This self-described “serious autobio series” depicts the day-to-day of the artist’s gender transition. Some of the posts will make your heart ache, others will put a smile on your face. It’s super real, it’s very honest, and it’s almost always done in three panels or less.
Here is a thing you never knew you wanted: an LGBTQ+, dual-authored comic adaptation of Pride and Prejudice set in Canada. Randi Hamel’s (@rannibuns) contributions are all tinted red, Tajliya Jamal’s (@heyimtaj) are awash in blue, and the Tumblr is updated every Friday.
Mood boards have been everywhere the past year or two. This is just one Tumblr out of a few that are serving up LGBTQ+ themed mood board goodness as their followers request them. The sky is the limit. No, actually—the sky isn’t even the limit. See the space themed lesbian mood board above. Hell yeah? Hell yeah.
This graphic designer is illustrating one important person in LGBTQ history every day in June for Pride. Day 5 of the aptly titled 30 Days of Pride series featured Miss Major, a trans woman activist and Executive Director Emeritus of the Transgender, Gender Variant, and Intersex Justice Project. Miss Major, who was at the Stonewall uprising in 1969, is ready to retire. You can donate to her GoFundMe, if you so choose. (And yes, it’s legit.)
if you would like to be added to this list please feel free to message me on my main blog @sashasvelour, i will edit it as often as we get submissions. and to those of you who have already been listed if you’d like to add your preferred pronouns message me and i’ll add them! (also i know the format of the list needs work, i’ll be editing it soon this is a rough draft) -Madi
edy - trans (non-binary/agender) & pansexual - they/them pronouns
My young protagonist Therese may appear a shrinking violet in my book, but those were the days when gay bars were a dark door somewhere in Manhattan, where people wanting to go to a certain bar got off the subway a station before or after the convenient one, lest they be suspected of being homosexual. The appeal of The Price of Salt was that it had a happy ending for its two main characters, or at least they were going to try to have a future together. Prior to this book, homosexuals male and female in American novels had had to pay for their deviation by cutting their wrists, drowning themselves in a swimming pool, or by switching to heterosexuality (so it was stated), or by collapsing—alone and miserable and shunned—into a depression equal to hell. Many of the letters that came to me carried such messages as “Yours is the first book like this with a happy ending! We don’t all commit suicide and lots “of us are doing fine.” Others said, “Thank you for writing such a story. It is a little like my own story …” And, “I am eighteen and I live in a small town. I feel lonely because I can’t talk to anyone …” Sometimes I wrote a letter suggesting that the writer go to a larger town where there would be a chance to meet more people. As I remember, there were as many letters from men as from women, which I considered a good omen for my book. This turned out to be true. The letters trickled in for years, and even now a letter comes once or twice a year from a reader. I never wrote another book like this.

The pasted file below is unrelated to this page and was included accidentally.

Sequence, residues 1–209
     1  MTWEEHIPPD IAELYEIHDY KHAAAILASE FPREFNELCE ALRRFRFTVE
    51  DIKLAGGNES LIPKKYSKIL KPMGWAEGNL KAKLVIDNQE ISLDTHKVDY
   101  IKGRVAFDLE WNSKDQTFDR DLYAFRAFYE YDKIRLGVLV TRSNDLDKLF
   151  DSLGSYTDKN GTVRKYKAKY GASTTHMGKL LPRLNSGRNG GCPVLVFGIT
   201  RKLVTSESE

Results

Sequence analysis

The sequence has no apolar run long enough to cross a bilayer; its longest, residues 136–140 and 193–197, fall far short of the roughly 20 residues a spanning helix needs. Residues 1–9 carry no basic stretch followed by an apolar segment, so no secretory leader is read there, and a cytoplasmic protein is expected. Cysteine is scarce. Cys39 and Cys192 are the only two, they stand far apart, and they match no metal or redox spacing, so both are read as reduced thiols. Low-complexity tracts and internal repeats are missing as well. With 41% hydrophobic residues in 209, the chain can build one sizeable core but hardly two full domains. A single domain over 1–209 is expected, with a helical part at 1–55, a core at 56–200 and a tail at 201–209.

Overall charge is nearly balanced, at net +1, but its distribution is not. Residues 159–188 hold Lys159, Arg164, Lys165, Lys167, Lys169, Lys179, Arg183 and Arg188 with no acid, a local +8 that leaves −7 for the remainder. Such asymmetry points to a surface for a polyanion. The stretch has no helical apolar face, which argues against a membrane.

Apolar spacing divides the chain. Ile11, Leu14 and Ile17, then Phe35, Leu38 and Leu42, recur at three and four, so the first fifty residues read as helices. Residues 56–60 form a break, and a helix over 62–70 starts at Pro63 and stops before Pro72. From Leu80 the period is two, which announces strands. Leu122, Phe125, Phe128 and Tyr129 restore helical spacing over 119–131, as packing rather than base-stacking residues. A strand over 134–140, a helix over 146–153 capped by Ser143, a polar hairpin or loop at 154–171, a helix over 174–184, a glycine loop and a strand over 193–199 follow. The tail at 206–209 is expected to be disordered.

afterword for The Price of Salt, Patricia Highsmith
“Know from whence you came. If you know whence you came, there are absolutely no limitations to where you can go.“ – James Baldwin. Illustrated with three early portraits of the writer by gay novelist and photographer, Carl Van Vechten (June 17, 1880 - December 21, 1964.)